The structural context of the failure of Labour dirigisme—obstructed not just by the Treasury as the principal bulwark of the state.76 The final years of the Wilson government saw a classical deflationary policy of sound money and a payments surplus. a much broader objective. less than under the Conservative regime before it. but also by the weakness of the peak organizations of labour and industry. the US authorities had blocked foreign borrowers from the New York bond market. was the birth—little noticed at the time—of an offshore Eurodollar market. coincided with the unpremeditated emergence of a quite new basis for the hegemony of financial and commercial capital. were shelved without a trace. whose principal effect was to increase the size of the private sector above it—leaving unaltered the overall structures of British education. the Wilson regime 76 The Department was formally wound up in the summer of 1969.. These were the years in which a second wave of welfare reforms in Northern Europe—Swedish pension funds or West German unemployment insurance—was creating more advanced systems of provision than those established after the war. The English welfare state ceased to be an example to the world. Daunted by the City and thwarted in the State. which promised the City greater prosperity and strength than the Commonwealth of the past had ever afforded it. a change long feared and resisted by a City grown accustomed to it since the thirties. By 1970 the size of the Eurobond market had multiplied nearly twenty times over. Nor was any major extension of social security achieved under Wilson. pursued by a restored Treasury. The fall of the pound in 1967 meant the end of the Sterling Area as a coherent economic zone. in Richard Scase. Reform of the civil service. The modernized educational system that was supposed to be the complement of a more dirigiste State was in its turn reduced to little more than an increase in the number of universities and colleges. But just before Wilson came to power. naturally got even less far—no more than a pallid Commission whose recommendations.export shares did not increase. without a struggle. pp. The State in Western Europe. by a Labour Chancellor in the name of traditional orthodoxy. meanwhile. the TUC and CBI. The London merchant banks moved quickly to capture the bulk of the enormous flows soon accumulating in this novel medium of international credit. as putative ‘social partners’ outside it—is sharply etched by Bob Jessop: ‘The Transformation of the State in Post-War Britain’. The complete failure of Labour’s attempt to reconstruct industrial capital by deliberate state action. London 1980. The result. modest enough. But in six years of Labour government. Interventionism as feeble and superficial as this was an easy prey to the unreconstructed laissez-faire hostility of the Treasury. with their traditional exacerbation of class and indifference to science. industrial production increased by only 15 per cent. 61 . 39– 41—a brilliant essay. London as a world financial centre entered a new phase— of transformation and expansion—while Britain as a manufacturing nation slid into stagnation. without any significant shift of disciplines within them. ed. and a general amalgamation of public sector schools in the name of equity. from 1963 onwards. By 1967 the DEA was so discredited that its abolition was encompassed in short order.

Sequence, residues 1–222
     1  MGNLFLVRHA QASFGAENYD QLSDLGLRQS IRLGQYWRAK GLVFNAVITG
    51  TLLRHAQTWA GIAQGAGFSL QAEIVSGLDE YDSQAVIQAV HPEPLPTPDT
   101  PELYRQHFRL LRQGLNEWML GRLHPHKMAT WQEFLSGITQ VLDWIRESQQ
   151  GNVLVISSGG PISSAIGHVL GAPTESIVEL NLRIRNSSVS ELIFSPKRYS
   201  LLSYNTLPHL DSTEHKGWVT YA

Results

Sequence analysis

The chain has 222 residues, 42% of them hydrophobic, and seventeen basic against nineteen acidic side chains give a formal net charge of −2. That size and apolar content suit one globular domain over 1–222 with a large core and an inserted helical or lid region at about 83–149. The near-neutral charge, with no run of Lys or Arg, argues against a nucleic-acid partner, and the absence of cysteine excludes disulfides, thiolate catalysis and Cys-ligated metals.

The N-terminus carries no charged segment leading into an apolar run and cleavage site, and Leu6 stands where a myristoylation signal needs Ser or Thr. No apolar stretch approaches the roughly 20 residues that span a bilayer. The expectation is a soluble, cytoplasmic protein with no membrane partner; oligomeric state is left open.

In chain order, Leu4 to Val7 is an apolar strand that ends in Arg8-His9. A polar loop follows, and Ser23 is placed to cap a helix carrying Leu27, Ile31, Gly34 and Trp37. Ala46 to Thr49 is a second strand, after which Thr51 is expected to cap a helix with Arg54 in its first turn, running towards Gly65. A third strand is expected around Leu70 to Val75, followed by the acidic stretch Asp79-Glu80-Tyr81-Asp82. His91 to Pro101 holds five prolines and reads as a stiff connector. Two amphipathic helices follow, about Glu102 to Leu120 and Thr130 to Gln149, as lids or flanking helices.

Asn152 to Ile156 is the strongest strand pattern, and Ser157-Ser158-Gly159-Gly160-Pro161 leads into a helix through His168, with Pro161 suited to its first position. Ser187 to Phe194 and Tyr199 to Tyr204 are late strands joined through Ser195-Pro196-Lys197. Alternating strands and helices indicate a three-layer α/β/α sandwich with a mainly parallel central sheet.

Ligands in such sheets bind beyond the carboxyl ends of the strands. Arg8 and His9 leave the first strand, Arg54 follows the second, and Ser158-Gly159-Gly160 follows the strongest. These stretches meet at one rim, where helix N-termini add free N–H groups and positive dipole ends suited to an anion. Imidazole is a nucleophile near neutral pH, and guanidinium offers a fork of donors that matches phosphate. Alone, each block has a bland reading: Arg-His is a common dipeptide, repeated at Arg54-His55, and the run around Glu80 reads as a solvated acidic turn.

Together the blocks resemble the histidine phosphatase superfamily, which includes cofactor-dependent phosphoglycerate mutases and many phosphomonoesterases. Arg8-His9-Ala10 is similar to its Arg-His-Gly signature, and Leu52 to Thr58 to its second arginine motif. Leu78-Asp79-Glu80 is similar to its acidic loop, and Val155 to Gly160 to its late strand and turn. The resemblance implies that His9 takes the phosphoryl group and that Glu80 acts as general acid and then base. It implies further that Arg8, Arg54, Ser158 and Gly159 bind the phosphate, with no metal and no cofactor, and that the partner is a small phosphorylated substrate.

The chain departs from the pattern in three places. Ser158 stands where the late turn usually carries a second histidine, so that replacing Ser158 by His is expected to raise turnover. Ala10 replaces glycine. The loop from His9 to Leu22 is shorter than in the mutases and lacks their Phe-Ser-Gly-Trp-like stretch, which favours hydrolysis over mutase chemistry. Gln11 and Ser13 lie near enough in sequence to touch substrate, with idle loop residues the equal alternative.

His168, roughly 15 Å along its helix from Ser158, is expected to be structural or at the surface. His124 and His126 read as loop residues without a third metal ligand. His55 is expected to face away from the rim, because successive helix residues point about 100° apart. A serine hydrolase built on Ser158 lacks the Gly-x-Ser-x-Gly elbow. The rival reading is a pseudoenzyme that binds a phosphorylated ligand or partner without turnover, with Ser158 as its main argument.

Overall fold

Racism spread in the moral vacuum left by the decay of Labourism in the big cities. than by the structural lock on production processes that a very traditionalist and decentralized union movement could enforce. wages had not spurted with especial speed by international standards. cause of the decline of British industry—the dominant ideological theme of bourgeois politics for the next two decades. outside of some particular groups. Civil rights rebellion in Ulster put the unitary British state. while the nullity of the administration’s record became ever more apparent. and the rate of return on it declined. By the late sixties student radicalization. 106–110. The productivity gap between British industry and its competitors kept widening as manufacturing investment stagnated. Informal labour recalcitrance was one of the dependent variables in the complex causation of this process:77 perpetuated by sluggish rates of accumulation. But its bid to control trade-union power with anti-strike legislation was no more successful than its attempt to side-track the Treasury. The real difficulty for the overhaul of British capitalism was posed less by strike-levels or wage pressures as such. But in the end the decisive undoing of the Wilson government was its attack on the trade-unions that had helped to bring it to power. and so lesser increases in popular income than elsewhere. threatened to throw up a new disaffected intelligentsia. But the consequences of In Place of Strife were to be much more lasting than those of the defence of sterling or the demise of the National Plan. into crisis on its weakest flank. Once these parameters are set. in the sixties. inefficient management fostering less than helpful workforces’. London 1986. in conditions where low economic growth gave little incentive to release it. combined with meagre work-force training. and a certain shift to the left in union leaderships. he suggests. The British Worker Question. provoking rebellion in the ranks not just of the TUC but of the Labour Cabinet itself. 62 . born of disgust with the regime’s foreign and domestic record. It was a Labour. never questioned by Labour. ‘union power’ became the whipping-boy of Wilsonite rhetoric. then ‘British workers give like for like. the strengthening of shopfloor bargaining-power during the postwar boom had worked its way through to greater industrial militancy. 218. Demagogically extrapolated from this context and exaggerated in its scope. not a Conservative government which pronounced official commination of the British trade-union movement as the principal. highly militant’: pp. if not sole. and then perpetuating them by lesser yields on new fixed capital when it was forthcoming—in a framework determined by the overseas and entrepôt bias of the leading sectors of the economy as a whole. are in reality the two most plausible determinants of the low productivity of British industry in a comparative perspective: pp. although ‘British trade-unionists have never been highly political nor. first at the Exchequer and then at the Home Office. 161–3. Appropriately. contains a trenchant critique of the fallacies of that conventional literature on industrial productivity in Britain which lays the blame for lagging national performance primarily on shop-floor resistance. and social unrest intensified in the country at large. In fact. But although strike activity had increased.finally turned on the unions as the scapegoat for its failures—now treated as the major obstacle to the rationalization of the British economy. Nichols argues that poor managerial education and coordination. the same Minister squelched both—Callaghan. 168. The clamour of its own campaign against the organized strength of the working-class in industry simply prepared the way for 77 Theo Nichols.